Obama and the vindication of a small-footprint strategy

President Obama (Pete Souza via flickr)
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President Obama, again, is taking an opportunity to declare a sort of understated victory over a foreign enemy—in this case Moammar Khadafy—but also over the Mission Accomplished, robust unilateralism of the Bush administration. As one aide put it, Obama "uses U.S. military power in a more focused way with smaller footprints."

That means less cost to American taxpayers and, more importantly, fewer American soldiers put in danger, which could bolster domestic support for the president's agenda.

Still, whatever public good feelings exists over the demise of the Libyan dictator will be put to the test as the country now comes to grips with an uncertain future, as David Kirkpatrick explains in the Times.

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An unnamed aide said President Barack Obama "uses U.S. military power in a more focused way with smaller footprints" than his predecessor, George W. Bush. [Scott Wilson and Karen DeYoung]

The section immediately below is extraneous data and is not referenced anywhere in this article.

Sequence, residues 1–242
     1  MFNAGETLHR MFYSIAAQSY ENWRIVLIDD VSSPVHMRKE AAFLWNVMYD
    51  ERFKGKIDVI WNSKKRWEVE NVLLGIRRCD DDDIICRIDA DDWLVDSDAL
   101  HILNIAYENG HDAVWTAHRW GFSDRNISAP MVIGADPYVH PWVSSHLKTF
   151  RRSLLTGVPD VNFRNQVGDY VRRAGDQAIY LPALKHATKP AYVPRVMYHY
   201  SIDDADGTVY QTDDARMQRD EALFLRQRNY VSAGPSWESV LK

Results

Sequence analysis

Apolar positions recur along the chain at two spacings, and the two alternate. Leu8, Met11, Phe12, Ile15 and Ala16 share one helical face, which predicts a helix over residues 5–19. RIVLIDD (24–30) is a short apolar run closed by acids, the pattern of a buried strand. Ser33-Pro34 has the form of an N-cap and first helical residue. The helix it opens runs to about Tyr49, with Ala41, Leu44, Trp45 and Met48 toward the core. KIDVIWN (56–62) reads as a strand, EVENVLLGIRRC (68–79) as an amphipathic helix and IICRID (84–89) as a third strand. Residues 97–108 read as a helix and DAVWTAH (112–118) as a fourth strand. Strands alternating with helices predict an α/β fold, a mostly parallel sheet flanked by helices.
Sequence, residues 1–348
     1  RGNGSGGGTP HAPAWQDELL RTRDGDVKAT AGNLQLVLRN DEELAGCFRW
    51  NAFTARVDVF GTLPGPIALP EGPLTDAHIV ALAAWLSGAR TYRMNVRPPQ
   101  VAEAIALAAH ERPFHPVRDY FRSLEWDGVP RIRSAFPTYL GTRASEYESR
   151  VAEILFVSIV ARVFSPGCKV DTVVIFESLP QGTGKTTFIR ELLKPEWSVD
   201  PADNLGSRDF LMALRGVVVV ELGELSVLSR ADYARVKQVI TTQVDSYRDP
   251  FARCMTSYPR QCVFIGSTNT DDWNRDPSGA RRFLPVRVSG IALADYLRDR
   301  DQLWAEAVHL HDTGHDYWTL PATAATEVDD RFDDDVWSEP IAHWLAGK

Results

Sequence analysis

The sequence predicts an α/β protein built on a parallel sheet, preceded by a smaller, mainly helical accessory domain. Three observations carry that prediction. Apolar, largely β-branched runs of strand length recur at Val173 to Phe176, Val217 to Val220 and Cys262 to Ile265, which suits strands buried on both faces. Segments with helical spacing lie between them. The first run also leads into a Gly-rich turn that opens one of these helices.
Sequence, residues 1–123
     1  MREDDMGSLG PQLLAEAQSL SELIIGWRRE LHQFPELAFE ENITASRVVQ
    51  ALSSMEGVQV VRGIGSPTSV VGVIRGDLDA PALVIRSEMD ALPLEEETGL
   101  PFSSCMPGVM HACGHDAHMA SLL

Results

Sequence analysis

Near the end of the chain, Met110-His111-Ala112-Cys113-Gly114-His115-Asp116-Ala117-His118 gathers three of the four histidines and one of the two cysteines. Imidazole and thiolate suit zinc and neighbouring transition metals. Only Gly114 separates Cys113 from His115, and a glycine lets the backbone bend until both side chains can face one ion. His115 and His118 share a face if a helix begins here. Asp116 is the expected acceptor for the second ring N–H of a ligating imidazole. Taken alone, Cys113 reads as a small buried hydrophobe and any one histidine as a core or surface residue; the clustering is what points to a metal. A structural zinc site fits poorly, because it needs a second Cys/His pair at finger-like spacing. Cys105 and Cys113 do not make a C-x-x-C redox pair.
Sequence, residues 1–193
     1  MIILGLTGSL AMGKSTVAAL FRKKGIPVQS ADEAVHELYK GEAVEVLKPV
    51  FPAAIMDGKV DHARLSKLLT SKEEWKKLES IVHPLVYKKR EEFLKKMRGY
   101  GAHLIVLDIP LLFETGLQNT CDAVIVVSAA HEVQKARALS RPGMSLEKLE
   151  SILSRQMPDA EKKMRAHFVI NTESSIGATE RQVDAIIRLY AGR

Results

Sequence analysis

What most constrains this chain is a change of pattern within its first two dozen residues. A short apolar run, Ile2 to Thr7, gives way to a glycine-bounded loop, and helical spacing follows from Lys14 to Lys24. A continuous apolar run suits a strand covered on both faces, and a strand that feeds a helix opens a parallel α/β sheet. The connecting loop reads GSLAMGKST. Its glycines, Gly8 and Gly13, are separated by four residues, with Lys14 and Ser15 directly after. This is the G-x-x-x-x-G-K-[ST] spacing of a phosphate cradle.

The future of Libya is uncertain since it has no national institutions, and the Arab Spring is complicated. [David Kirkpatrick]

Governor Andrew Cuomo's selection committee picked Joe Lhota to run the MTA in part because of his local knowledge and Republican ties. [Jeremy Smerd and Shane Dixon Kavanagh]

Editors praise the man Cuomo ousted for Lhota. [New York Post]

"A spokesman for Mr. Cuomo declined to make Mr. Lhota available for an interview." [Andrew Grossman]

There's a FOIL request to find out who met with Cuomo during two meetings about fracking. [Brian Nearing]

Queens lawmakers want Silicon Alley in their borough and will press City Council Speaker Christine Quinn, Bloomberg and Cuomo on it. [Nicholas Hirshon]

"[Bloomberg's] spokesman said the joke was intended as a jab at the press corps the mayor finds so pesky." [Sally Goldenberg]

So far, there's no consensus candidate to be the FDNY federal monitor. [Mitchel Maddux]